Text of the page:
I’ve ignored the unsexy bits of improving cycling fitness for too long.
There’s a concept in business productivity of activities being either important or unimportant, and urgent or non-urgent. Generally people prioritise the urgent important things (and often the urgent unimportant things).
But it’s the non-urgent important things that are often most vital to business success (or any success).
In the case of cycling, the non-urgent important things are fundamental to building a solid foundation of fitness and, whisper it, allow us to ride regularly and strongly as we get older.
The ‘off season’ (assuming I have an ‘on’ one) is when I should be focusing on strength and conditioning. Fixing some of the underlying issues with my body (although there’s only so many hours in the day).
Whilst there is absolutely no way I give off any impressions other than of youthful vigour, I probably should recognise that I will be 39 in a few months.
And then 40 after that (I think I’ve got the maths right there).
Suddenly the ‘Fast After 50’ book, which I like to think that I reviewed as an act of generosity for others a few years ago, is starting to look a personal instruction manual (and very good it is too).
I’ve been researching exercises to help me stretch my quads and IT band, to strengthen my ass muscles and to improve my core in general. I’ll write more about what I’m doing in future posts (recognising that I am not a physiotherapist nor a doctor).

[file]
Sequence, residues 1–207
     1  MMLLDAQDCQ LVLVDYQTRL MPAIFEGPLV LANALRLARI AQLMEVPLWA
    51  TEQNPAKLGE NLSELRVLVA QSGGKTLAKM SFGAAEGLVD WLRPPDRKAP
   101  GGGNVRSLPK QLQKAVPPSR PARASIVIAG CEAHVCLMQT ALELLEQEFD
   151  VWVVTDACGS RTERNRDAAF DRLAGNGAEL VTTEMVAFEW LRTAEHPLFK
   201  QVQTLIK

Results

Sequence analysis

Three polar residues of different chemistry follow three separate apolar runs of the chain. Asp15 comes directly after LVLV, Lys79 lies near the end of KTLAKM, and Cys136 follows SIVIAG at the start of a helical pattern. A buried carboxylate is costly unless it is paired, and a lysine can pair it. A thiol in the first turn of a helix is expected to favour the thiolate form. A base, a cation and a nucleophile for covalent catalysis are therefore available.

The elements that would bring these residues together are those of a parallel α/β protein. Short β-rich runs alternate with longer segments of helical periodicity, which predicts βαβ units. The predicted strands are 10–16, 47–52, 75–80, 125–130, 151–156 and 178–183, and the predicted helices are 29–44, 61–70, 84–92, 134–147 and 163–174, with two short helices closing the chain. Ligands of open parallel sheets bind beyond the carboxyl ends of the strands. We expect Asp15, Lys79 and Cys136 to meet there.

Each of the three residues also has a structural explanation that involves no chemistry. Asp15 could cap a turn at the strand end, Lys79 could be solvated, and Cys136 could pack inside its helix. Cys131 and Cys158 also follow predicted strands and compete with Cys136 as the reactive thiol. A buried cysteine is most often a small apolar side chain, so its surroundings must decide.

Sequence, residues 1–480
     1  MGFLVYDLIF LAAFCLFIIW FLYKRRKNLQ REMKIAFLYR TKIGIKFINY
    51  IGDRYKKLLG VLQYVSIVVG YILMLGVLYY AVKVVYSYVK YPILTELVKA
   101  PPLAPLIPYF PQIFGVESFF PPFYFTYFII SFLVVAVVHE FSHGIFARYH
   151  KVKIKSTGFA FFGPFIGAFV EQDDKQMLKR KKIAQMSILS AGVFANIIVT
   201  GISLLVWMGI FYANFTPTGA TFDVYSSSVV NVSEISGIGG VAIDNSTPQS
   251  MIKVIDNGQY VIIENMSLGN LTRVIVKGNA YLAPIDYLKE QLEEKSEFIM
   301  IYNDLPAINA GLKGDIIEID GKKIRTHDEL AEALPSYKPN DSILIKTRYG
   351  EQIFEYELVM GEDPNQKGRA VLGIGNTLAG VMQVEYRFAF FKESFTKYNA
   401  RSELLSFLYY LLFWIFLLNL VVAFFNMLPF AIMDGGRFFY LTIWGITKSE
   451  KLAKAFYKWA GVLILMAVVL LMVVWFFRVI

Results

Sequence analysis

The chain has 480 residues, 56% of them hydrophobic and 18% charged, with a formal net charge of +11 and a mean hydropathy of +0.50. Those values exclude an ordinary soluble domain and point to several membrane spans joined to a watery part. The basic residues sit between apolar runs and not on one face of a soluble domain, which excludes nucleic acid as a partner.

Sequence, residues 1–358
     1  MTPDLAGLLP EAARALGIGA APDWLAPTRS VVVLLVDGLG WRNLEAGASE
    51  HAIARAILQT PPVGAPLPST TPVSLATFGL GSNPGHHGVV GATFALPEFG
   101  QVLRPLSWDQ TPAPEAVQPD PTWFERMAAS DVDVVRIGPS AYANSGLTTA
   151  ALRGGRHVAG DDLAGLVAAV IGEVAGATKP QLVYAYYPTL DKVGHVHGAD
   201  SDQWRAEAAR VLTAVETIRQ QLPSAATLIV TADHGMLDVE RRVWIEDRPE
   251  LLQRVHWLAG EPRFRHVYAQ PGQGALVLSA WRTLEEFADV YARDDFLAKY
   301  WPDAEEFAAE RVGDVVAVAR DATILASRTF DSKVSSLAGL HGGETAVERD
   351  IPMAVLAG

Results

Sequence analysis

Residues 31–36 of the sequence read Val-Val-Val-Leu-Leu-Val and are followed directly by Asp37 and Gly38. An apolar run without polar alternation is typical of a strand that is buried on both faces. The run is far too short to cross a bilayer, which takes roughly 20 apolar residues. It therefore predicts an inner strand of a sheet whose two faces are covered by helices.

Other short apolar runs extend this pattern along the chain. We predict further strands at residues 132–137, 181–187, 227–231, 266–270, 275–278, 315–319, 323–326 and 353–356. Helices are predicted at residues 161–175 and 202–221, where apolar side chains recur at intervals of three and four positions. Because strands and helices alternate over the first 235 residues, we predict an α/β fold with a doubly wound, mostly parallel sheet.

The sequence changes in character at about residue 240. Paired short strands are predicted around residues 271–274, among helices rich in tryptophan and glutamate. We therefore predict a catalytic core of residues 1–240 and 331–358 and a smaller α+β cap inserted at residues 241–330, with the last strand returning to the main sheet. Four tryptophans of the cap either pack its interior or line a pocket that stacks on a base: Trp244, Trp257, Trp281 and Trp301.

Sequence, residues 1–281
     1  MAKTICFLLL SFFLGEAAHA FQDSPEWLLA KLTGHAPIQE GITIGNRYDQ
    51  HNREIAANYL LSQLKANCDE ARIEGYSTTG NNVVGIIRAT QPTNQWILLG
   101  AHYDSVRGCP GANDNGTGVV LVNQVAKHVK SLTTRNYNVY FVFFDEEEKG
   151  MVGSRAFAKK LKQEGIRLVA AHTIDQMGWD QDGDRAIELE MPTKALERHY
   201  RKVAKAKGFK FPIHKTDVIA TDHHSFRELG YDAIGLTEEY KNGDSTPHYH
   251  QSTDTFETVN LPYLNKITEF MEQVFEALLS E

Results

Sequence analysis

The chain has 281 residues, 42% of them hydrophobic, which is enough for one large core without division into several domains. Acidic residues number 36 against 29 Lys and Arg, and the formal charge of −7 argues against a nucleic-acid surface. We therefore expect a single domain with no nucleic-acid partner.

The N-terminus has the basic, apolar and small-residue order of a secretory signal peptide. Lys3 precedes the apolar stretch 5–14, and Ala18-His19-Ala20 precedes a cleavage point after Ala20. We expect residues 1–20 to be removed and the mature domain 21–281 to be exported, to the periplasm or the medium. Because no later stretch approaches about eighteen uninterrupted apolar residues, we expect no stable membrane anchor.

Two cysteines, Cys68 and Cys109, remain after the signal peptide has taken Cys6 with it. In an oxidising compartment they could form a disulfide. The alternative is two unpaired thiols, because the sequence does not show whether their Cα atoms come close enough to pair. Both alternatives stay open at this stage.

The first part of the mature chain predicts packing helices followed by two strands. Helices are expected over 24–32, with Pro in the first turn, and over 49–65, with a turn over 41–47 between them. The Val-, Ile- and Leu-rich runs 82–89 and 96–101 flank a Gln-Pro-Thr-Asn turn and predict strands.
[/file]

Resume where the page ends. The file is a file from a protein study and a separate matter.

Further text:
I’m also thinking again about habit building and how I execute successfully a plan in order to get results over time. I’ve already mentioned how complicated it all seems. There are an infinite combination of exercises I could undertake (or not). A basic plan that gets executed will be far more effective than one that looks amazing on paper but stays resolutely there (on the paper).
The sorts of exercises involved in building core strength and hip-stabilising muscles, say, do not have immediately obvious results. The process will need to have other ways of providing feedback (I’m thinking crosses on a calendar and a commitment not to break the chain).
I will definitely be writing more about instilling basic habits and how we can use them to achieve better-than-basic results. That’s my jam.
It’s Your Turn
Have you suffered from a persistent injury that has kept you off the bike (or stopped you from doing other exercise)?
Have you suffered from knee pain – are you suffering right now?
Is there anything I’ve missed in thinking about rehabilitating my knee or coming back from injury in general?
Let me know in the comments below.